The subject of cyber liability insurance has gained steam in recent years as news of high-profile data breaches continues to litter the headlines.
Yet recent surveys show that businesses have not been as quick to adopt cyber insurance as some may have expected. A survey from Advisen of 500 people ranging from brokers to carriers to risk managers and insurance buyers underscored this reality. Eighty percent of the brokers surveyed noted that while there has been heightened interest in cyber coverage at the C-suite or board levels, that hasn’t translated into a significant driver of sales.
“Seventy-three percent of respondents felt that the insured’s lack of understanding of the exposure was the main obstacle,” according to a whitepaper outlining the survey results. “One broker called the sales process, “an uphill battle”, with IT professionals unwilling to accept that their systems could be compromised.”
Almost half the respondents said that “less than 25 percent” of their clients were interested in the coverage, the research revealed. However, more than 25 percent of respondents said they have a sizeable customer base interested in buying cyber coverage.
A survey from the Association for Financial Professionals (AFP) conducted earlier this month at the AFP Annual Conference found that just 15 percent of the 970 financial professionals surveyed said their companies have increased the amount of cyber insurance that they carry. Six percent said their companies are now carrying cyber insurance after not having done so in the past. Thirty-one percent however said their organization does not currently carry cyber insurance.
On the other end of the spectrum are Home Depot and Staples, both of which have cyber insurance and stated in recent filings with the U.S. Securities and Exchange Commission that they expect their coverage to mitigate the financial impact of the data breaches they experienced.
“Many companies are looking at investing in cyber insurance,” said Ira Scharf, Chief Strategy Officer at BitSight, a firm which assists companies in rating their cybersecurity. “As malicious cyber activity becomes even more pervasive companies are looking at ways to transfer some of their cyber risk. Cyber insurance provides an excellent mechanism for transferring some of the risk associated with cyber breaches.”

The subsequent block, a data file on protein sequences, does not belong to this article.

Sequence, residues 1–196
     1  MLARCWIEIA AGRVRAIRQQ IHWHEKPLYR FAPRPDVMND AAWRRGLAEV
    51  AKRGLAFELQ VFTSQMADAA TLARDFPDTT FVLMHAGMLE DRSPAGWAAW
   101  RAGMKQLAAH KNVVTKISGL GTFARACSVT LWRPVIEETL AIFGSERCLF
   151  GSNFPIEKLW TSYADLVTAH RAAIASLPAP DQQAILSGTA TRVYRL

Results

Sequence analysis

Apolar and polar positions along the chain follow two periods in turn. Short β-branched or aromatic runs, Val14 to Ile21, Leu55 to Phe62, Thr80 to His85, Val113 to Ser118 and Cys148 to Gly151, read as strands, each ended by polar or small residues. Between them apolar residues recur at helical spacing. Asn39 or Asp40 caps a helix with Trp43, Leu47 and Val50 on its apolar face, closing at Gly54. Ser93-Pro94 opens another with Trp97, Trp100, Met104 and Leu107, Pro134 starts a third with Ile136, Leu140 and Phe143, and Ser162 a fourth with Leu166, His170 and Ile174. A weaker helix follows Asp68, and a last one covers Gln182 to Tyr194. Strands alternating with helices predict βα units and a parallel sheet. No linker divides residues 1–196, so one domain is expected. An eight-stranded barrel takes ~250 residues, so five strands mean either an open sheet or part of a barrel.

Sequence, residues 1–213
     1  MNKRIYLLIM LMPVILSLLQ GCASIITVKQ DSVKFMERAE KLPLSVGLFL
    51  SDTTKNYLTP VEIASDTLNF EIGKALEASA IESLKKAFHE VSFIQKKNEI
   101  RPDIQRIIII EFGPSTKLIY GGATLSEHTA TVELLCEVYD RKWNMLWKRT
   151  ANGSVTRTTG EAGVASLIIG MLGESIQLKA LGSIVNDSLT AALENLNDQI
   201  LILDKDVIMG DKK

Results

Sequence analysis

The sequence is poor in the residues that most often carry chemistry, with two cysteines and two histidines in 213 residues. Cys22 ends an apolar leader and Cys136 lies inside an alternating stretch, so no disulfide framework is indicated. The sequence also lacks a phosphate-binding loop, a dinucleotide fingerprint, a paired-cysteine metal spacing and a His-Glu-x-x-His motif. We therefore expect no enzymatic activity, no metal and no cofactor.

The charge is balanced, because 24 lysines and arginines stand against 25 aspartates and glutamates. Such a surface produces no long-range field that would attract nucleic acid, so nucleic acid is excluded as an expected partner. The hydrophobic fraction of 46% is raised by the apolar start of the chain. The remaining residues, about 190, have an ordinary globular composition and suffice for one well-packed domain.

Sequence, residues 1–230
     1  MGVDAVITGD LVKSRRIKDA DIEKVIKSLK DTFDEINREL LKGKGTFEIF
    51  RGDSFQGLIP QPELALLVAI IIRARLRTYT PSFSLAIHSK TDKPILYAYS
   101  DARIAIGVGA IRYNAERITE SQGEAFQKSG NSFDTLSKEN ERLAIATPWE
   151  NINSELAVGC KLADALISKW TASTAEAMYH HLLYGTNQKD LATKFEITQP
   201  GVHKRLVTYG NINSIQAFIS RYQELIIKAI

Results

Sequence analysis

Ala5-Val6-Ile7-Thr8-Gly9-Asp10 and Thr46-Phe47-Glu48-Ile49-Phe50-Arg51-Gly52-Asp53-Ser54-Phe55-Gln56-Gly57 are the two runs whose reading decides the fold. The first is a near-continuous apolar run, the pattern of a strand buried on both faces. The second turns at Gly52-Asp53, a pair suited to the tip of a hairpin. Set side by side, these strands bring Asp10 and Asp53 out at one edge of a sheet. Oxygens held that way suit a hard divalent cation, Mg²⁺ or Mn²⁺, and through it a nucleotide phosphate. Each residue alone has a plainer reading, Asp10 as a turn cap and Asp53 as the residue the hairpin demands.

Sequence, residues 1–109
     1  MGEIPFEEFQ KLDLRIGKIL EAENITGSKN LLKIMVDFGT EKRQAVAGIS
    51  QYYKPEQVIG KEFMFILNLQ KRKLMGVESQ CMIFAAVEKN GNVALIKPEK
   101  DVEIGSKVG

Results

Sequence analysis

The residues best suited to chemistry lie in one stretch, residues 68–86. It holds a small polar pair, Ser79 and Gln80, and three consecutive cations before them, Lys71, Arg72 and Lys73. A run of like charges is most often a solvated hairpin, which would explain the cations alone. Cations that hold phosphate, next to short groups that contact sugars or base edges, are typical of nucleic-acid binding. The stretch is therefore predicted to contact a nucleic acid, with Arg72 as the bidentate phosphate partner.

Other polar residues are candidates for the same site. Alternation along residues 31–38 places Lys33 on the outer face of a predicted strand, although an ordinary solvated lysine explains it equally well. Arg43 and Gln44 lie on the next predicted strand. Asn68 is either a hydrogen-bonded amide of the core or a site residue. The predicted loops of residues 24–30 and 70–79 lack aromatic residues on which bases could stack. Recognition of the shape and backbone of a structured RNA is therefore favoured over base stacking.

“Typically companies that collect and store personally-identifiable information (PII) or personal health information (PHI) on behalf of their customers or employees are most likely to sustain significant financial loss as a result of a cyber breach,” he said. “This is due in part to the notification laws that are in place in 47 states which require companies that lose PII or PHI due to a cyber breach to notify the affected customers or employees and the attorney general in each state where there are impacted residents. Cyber insurance typically covers notifications costs as well as forensics and other breach response costs. Some policies also cover third-party liability that can arise out of a cyber breach.”
Companies should assess how much PII or PHI they manage as they figure out their potential cyber exposure, he added.
Requirements and exclusions are the big things to look at, said David Monahan, senior analyst at Enterprise Management Associates, adding that companies also need to determine their risk level based on their overall attack surface and possible losses.
“Insurers have no magic wand to wave,” said Neohapsis Senior Security Consultant Nathaniel Couper-Noles. “They don’t know any better than the rest of us which product will have the next zero-day or what crypto algorithm will fall, or the next cyber-risk intensive trend will be. Internet of things, perhaps? Insurers have forecasts and actuaries but they don’t have crystal balls. Rising flood insurance costs for coastal properties is based on the science of rising sea levels, but there is yet no universally accepted or empirically validated science to guide to who will be hacked next. This means that either insurance companies will need to add significant margins, or they may potentially be at risk themselves of inability to pay out…in the event of a major cyber event.”
“I would recommend that most enterprises focus resources on risk reduction…before considering cyber security risk insurance,” Couper-Noles added. “I would recommend cyber insurance primarily to enterprises with mature security posture to address a minimal set of irreducible or difficult-to-reduce risks. It’s a ‘you must be this tall to ride’ thing.”